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Garni 5: The “Founding Stone”

The “Founding Stone”

The stone in front of you, with a large khachkar carving on its top side, bears a Greek inscription. This “Helios stone” is also called the “founding stone”, used to date the Hellenistic temple and palace to the 1st century. The inscription reads in part,

“Helios! T'rdat the Great, King of Armenia, when the ruler built the agarak (castle) for the queen and this inaccessible fortress in the eleventh year of his reign, Meneus with the Ter's permission, being a liturg of the great sparapet (general), by way of gratitude (purchased) in the presence of witness Matheus…'

The inscription refers to the construction of the palace in the eleventh year of T’rdat I’s reign, confirmed by other records. Other contemporary accounts by the Greco-Roman historians Dion Cassius and Tacitus mention the journey to Rome by T'rdat I, where he ceremonially received his crown from the hands of the Emperor Nero in 65, who honored the Armenian king with lavish gifts as compensation for the destruction of the Armenian capital Artashat by Corbulonus and the devastating campaigns against Armenia by Roman legions in 59-60.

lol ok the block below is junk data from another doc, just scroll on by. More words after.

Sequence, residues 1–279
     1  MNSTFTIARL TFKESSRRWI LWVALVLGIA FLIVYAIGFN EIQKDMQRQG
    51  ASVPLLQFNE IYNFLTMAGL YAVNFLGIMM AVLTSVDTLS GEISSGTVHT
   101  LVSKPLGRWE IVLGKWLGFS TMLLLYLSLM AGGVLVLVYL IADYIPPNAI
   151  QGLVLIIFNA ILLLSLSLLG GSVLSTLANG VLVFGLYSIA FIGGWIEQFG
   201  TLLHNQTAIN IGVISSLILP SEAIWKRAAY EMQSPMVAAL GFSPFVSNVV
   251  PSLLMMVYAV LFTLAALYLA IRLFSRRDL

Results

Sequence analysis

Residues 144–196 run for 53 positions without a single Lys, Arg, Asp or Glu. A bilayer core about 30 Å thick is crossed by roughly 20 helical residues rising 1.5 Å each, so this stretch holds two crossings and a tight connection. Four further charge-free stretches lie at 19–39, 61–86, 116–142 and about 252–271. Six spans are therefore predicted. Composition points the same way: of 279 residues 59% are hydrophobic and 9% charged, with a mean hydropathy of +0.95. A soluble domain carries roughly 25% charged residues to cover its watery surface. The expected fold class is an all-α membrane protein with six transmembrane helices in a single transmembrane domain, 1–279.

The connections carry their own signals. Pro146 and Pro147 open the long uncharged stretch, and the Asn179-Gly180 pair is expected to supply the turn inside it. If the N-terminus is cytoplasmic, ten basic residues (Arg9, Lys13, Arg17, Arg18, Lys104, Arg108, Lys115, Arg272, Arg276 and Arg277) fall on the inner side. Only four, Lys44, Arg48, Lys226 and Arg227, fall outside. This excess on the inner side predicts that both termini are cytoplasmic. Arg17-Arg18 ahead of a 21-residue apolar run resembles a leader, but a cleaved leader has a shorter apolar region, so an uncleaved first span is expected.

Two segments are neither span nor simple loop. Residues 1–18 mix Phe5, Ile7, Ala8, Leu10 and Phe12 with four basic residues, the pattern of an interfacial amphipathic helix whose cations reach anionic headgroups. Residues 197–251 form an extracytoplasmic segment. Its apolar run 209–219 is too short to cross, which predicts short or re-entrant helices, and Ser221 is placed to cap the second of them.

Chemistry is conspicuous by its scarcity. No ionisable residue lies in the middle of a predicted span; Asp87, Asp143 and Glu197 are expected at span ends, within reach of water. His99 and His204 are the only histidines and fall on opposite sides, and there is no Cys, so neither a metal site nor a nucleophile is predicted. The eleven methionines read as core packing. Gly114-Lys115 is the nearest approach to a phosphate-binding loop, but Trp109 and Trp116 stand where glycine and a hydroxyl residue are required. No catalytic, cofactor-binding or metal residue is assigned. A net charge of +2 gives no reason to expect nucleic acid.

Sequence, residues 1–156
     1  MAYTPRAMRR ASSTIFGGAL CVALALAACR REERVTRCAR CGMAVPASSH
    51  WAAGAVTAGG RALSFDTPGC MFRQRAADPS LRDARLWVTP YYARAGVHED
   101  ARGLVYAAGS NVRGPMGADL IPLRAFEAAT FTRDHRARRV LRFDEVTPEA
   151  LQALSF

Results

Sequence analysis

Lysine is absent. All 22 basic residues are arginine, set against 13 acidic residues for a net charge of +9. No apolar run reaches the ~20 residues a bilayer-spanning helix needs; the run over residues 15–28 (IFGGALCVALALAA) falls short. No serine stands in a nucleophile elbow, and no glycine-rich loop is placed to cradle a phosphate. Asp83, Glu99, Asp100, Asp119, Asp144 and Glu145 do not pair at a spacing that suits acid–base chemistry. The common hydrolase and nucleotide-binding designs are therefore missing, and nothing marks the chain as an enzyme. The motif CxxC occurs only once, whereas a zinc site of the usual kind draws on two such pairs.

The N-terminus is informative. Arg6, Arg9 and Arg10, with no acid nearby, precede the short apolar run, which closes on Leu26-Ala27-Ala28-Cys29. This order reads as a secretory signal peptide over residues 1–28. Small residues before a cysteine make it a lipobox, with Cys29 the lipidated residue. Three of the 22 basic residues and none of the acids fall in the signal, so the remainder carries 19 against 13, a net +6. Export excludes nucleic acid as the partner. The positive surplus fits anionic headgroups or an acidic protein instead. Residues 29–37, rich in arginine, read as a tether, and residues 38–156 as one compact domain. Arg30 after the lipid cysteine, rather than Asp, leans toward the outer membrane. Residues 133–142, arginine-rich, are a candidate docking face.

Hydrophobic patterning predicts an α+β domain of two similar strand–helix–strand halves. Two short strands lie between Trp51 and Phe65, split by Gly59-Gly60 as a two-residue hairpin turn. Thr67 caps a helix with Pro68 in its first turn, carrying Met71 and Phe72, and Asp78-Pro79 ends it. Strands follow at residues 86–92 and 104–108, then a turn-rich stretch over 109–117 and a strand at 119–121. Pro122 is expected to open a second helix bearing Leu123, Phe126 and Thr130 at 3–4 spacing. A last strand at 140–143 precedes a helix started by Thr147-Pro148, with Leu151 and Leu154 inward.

The Greek name for sun “Helios” is also a meaning for the name Mythra, a god to whom an idol stood in the temple inner sanctum.

The inscription is on the side face of a large stone, the top of which was later carved into a khachkar (stone cross). It was left untouched for centuries until excavators uncovered the khachkar, and rolling it over to its side, discovered the Greek inscription. The inscription was important in dating the temple to the 1st century, and not the 2nd, which previous historians had favored, mistaking T'rdat I for a later king.

The text was edited by ICOMOS/Armenia NGO.